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From Our Sponsor | Transforming the Health Payment System

August 1, 2019
The state’s largest not-for-profit insurer, Blue Cross Blue Shield of Massachusetts, is quietly transforming the health payment system, improving care while constraining costs, a landmark new study finds. 
The Boston Globe reports that Blue Cross’ innovative Alternative Quality Contract slowed the rate of health care spending growth by nearly 12% while improving patient care from 2009-2017. The report is based on a Harvard Medical School study published in the New England Journal of Medicine.
"This independent and rigorous evaluation of eight years of data demonstrates that the AQC is achieving its twin goals of lower costs and better care for our members," said Blue Cross Blue Shield of Massachusetts President and CEO Andrew Dreyfus.
"These impressive results would not have been possible without the incredible effort, commitment and leadership of our physician and hospital partners."
The average claims by patients with doctors in the AQC were $461 less than those of the control group, an average claims savings of 11.7% per patient. Savings accelerated over time, the study found.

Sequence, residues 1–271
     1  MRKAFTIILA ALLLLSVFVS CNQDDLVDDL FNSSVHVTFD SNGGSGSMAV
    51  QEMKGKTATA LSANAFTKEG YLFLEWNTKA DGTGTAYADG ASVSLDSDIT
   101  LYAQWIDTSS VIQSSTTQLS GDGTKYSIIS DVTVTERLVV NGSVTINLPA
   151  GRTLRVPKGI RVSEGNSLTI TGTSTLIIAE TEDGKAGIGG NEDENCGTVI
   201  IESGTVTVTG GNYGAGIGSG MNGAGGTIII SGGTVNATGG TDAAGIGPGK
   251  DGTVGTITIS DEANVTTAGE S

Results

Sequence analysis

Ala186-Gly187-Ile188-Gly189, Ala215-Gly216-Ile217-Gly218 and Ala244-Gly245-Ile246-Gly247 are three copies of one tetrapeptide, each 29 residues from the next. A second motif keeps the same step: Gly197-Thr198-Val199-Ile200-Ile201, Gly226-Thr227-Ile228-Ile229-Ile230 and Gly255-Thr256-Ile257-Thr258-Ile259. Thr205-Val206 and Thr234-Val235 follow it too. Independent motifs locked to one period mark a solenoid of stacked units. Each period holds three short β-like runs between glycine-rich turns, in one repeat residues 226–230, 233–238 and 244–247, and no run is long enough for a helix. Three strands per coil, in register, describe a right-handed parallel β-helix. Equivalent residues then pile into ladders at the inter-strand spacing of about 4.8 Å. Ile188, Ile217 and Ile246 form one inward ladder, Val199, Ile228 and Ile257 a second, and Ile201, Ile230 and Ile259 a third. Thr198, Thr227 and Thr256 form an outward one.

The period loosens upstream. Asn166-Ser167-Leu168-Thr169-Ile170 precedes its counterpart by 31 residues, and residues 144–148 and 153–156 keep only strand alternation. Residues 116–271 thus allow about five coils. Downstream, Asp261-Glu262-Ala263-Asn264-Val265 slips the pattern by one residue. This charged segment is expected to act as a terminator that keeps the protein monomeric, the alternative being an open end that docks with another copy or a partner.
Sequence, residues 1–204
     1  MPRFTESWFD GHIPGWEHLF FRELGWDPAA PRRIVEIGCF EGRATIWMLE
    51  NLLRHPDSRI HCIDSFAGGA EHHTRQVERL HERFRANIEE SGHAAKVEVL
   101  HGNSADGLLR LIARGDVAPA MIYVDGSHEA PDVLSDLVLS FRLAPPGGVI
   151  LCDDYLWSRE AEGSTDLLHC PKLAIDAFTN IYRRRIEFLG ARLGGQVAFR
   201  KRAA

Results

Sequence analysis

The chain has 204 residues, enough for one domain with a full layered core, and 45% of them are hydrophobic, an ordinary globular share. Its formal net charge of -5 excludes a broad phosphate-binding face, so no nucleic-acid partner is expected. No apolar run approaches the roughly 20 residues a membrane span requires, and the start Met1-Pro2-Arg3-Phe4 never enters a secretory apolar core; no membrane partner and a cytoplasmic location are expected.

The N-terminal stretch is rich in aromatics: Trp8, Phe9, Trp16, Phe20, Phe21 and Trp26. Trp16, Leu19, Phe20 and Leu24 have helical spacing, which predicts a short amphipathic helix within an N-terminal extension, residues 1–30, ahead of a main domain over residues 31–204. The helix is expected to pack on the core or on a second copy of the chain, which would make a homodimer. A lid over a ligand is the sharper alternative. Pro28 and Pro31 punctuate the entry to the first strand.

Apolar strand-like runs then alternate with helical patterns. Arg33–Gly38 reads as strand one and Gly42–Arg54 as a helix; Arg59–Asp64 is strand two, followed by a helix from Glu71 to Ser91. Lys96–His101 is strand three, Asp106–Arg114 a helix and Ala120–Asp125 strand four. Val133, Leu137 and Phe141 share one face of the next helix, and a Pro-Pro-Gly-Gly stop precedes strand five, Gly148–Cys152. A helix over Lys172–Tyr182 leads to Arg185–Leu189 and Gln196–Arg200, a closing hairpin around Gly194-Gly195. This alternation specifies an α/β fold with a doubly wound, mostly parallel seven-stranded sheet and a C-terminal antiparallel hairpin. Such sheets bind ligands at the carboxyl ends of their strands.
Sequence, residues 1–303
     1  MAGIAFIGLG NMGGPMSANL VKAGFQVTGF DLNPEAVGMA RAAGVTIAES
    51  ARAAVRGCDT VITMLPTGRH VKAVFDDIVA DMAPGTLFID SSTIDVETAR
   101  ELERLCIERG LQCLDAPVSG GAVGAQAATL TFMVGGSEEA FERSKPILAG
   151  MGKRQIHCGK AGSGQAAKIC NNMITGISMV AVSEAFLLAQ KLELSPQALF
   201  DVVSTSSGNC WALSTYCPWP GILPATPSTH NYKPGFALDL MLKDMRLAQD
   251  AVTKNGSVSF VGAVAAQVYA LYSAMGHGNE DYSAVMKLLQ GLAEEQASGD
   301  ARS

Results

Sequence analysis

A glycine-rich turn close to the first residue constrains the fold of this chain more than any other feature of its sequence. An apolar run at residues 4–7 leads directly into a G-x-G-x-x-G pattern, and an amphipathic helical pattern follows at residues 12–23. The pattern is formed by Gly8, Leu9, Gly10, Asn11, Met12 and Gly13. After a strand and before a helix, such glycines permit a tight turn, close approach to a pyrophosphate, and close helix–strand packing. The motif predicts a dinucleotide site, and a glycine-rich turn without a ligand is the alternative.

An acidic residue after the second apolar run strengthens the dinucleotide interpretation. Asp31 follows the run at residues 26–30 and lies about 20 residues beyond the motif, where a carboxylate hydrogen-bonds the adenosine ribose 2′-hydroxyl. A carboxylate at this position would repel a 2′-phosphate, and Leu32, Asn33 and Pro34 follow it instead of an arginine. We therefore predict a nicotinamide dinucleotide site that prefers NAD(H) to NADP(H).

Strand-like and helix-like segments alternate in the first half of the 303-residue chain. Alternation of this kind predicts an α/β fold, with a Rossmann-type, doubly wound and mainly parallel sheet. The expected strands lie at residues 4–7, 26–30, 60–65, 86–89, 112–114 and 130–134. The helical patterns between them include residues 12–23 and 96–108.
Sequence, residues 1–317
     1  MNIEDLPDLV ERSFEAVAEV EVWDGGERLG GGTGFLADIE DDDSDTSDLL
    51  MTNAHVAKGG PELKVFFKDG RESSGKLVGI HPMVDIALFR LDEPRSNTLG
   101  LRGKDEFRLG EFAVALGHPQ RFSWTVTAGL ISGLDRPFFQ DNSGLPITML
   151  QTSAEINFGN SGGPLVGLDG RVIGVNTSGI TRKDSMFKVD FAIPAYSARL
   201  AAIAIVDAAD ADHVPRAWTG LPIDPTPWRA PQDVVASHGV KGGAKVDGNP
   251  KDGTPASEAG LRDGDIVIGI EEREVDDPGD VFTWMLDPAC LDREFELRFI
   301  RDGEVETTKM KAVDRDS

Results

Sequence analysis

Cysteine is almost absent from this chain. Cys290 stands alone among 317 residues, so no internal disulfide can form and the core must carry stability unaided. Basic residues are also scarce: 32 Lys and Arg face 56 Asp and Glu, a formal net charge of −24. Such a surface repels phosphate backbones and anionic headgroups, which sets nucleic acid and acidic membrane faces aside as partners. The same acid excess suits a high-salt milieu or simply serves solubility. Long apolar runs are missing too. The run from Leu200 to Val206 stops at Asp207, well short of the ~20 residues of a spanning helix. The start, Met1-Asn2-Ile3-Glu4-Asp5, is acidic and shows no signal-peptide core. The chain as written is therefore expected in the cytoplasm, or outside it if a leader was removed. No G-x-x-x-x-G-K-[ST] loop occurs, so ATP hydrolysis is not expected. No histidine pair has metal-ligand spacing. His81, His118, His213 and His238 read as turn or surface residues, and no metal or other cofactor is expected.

The study also found that the AQC improved the quality of care and the quality of health for members across several measures compared to New England and national averages. For example, the study found an increase in the rate of members with cardiovascular conditions who are managing their cholesterol and blood pressure. 
Blue Cross Blue Shield of Massachusetts introduced the AQC in 2009 as an alternative to the traditional fee-for-service payment model. The model combines a global budget for a patient population with significant performance incentives based on nationally accepted quality metrics.
Physicians and hospitals that adopt the AQC agree to take responsibility for the full continuum of care
received by their patients, regardless of where the care is provided. Today, more than 80 percent of the physicians and hospitals in the health plan’s network participate in the AQC.
“The continued success of the AQC reflects the commitment of the participating physicians and hospitals to redesign the way they deliver care to emphasize quality and efficiency,” Dreyfus said. “Our partnership provides strong evidence that global budget models like the AQC can lead to significant quality improvements and cost savings."
The not-for-profit health plan serves more than 2.8 million members. Its customers include more than 25,900 business across Massachusetts and nearly 80 percent of Massachusetts cities and towns.
Read the full Globe report here
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